The Mysterious Island
Gideon Spilett was standing motionless on the shore, his arms crossed, gazing
over the sea, the horizon of which was lost towards the east in a thick black cloud
which was spreading rapidly towards the zenith. The wind was already strong,
and increased with the decline of day. The whole sky was of a threatening
aspect, and the first symptoms of a violent storm were clearly visible.
Herbert entered the Chimneys, and Pencroft went towards the reporter. The
latter, deeply absorbed, did not see him approach.
"We are going to have a dirty night, Mr. Spilett!" said the sailor: "Petrels delight in
wind and rain."
The reporter, turning at the moment, saw Pencroft, and his first words were,--
"At what distance from the coast would you say the car was, when the waves
carried off our companion?"
The sailor had not expected this question. He reflected an instant and replied,--
"Two cables lengths at the most."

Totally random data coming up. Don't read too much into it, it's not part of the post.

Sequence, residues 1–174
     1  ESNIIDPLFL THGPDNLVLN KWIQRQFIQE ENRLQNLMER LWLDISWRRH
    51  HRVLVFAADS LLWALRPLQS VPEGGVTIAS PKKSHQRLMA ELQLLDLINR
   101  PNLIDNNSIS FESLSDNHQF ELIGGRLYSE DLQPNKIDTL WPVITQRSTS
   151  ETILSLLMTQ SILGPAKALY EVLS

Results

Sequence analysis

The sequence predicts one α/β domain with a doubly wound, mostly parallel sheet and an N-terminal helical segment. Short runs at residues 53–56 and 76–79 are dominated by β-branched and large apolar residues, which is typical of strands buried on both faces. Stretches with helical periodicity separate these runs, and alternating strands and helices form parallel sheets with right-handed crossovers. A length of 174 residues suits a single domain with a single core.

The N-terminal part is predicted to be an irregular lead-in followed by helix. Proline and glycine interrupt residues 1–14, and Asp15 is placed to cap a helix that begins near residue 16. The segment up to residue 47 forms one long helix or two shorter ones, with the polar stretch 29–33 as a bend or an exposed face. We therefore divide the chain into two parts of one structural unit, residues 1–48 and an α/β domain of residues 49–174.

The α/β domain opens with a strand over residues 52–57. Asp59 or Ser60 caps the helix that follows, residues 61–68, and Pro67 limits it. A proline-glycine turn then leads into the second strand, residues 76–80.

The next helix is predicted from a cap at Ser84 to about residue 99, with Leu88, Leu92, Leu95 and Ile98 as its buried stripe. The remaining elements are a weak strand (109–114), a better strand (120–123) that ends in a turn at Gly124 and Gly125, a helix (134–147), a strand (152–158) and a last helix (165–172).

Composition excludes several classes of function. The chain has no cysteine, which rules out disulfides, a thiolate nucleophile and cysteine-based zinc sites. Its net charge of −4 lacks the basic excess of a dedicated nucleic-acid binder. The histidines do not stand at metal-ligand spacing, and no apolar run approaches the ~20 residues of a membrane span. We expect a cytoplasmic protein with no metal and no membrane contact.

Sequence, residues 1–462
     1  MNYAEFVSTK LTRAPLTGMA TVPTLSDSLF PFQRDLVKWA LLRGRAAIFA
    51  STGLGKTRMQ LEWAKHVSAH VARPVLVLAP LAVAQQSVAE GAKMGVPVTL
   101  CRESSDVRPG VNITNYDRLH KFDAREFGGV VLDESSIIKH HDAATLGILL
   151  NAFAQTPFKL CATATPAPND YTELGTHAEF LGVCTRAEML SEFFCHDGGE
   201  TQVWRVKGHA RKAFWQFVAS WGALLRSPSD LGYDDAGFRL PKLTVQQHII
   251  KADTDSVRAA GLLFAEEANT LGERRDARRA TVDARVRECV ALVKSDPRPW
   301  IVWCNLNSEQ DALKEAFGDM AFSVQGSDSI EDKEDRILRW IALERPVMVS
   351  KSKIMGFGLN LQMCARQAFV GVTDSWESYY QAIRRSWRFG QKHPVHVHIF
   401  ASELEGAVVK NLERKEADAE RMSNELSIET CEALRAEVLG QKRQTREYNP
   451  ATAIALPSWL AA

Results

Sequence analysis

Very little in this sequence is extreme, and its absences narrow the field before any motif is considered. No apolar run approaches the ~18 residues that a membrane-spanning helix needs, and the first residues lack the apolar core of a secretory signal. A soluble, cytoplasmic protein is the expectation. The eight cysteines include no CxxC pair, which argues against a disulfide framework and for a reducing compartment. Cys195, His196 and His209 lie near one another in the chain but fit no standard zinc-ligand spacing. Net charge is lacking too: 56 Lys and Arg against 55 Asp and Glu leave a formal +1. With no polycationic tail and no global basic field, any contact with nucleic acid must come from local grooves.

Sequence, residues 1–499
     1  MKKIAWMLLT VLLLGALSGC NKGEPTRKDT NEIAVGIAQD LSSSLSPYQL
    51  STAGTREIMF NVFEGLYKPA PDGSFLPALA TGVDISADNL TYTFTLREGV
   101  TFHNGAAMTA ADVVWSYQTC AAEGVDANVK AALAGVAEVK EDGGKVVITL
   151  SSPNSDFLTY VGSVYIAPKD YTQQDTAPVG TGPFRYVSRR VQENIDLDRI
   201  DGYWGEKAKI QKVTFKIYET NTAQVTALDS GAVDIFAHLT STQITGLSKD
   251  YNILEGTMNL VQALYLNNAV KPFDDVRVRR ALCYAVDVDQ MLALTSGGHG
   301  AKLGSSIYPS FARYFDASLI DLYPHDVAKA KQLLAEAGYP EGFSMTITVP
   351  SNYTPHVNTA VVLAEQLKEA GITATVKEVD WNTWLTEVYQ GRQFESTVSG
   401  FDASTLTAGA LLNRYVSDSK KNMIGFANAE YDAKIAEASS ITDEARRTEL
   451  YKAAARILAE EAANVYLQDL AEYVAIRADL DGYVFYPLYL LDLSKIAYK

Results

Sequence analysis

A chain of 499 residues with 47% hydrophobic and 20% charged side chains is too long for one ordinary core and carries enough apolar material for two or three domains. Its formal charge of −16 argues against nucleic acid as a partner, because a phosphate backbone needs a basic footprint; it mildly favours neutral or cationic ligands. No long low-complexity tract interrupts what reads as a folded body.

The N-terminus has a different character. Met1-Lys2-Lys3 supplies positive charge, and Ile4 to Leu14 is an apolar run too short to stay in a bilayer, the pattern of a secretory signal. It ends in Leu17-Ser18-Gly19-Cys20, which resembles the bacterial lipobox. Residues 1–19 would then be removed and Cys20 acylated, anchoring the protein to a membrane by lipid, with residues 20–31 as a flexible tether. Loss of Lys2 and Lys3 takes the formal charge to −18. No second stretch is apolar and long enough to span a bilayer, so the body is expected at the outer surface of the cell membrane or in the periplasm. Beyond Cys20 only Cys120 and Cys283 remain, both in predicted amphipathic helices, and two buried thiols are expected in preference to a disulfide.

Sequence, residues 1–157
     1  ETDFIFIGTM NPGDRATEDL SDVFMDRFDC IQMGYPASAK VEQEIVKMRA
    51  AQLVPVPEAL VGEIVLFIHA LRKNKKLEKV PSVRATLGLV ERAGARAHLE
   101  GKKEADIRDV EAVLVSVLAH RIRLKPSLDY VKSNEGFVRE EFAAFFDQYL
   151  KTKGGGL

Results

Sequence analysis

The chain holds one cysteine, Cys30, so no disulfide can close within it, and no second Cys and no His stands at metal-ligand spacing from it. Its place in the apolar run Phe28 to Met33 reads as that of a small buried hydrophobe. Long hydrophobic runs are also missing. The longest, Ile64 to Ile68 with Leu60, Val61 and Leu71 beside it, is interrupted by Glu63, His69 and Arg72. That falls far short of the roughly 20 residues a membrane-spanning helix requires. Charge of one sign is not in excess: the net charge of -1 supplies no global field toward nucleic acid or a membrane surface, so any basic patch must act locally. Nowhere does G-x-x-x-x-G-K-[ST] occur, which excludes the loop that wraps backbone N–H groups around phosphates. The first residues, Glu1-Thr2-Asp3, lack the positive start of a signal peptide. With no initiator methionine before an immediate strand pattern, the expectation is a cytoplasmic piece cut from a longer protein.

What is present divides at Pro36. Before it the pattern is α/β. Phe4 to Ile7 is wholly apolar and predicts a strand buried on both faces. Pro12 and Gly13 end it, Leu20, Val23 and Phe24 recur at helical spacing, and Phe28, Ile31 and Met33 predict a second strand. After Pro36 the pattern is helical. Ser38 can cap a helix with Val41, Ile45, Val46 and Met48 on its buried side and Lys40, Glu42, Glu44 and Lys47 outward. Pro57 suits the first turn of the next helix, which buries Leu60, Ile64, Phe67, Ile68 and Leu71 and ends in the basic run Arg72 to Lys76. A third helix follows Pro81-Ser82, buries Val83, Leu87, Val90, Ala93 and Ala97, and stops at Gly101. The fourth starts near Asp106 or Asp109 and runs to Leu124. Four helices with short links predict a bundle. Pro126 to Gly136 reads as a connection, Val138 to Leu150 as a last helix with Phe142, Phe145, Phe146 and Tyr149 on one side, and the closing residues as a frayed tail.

"But what is a cable's length?" asked Gideon Spilett.
"About a hundred and twenty fathoms, or six hundred feet."
"Then," said the reporter, "Cyrus Harding must have disappeared twelve hundred
feet at the most from the shore?"
"About that," replied Pencroft.
"And his dog also?"
"What astonishes me," rejoined the reporter, "while admitting that our companion
has perished, is that Top has also met his death, and that neither the body of the
dog nor of his master has been cast on the shore!"
"It is not astonishing, with such a heavy sea," replied the sailor. "Besides, it is
possible that currents have carried them farther down the coast."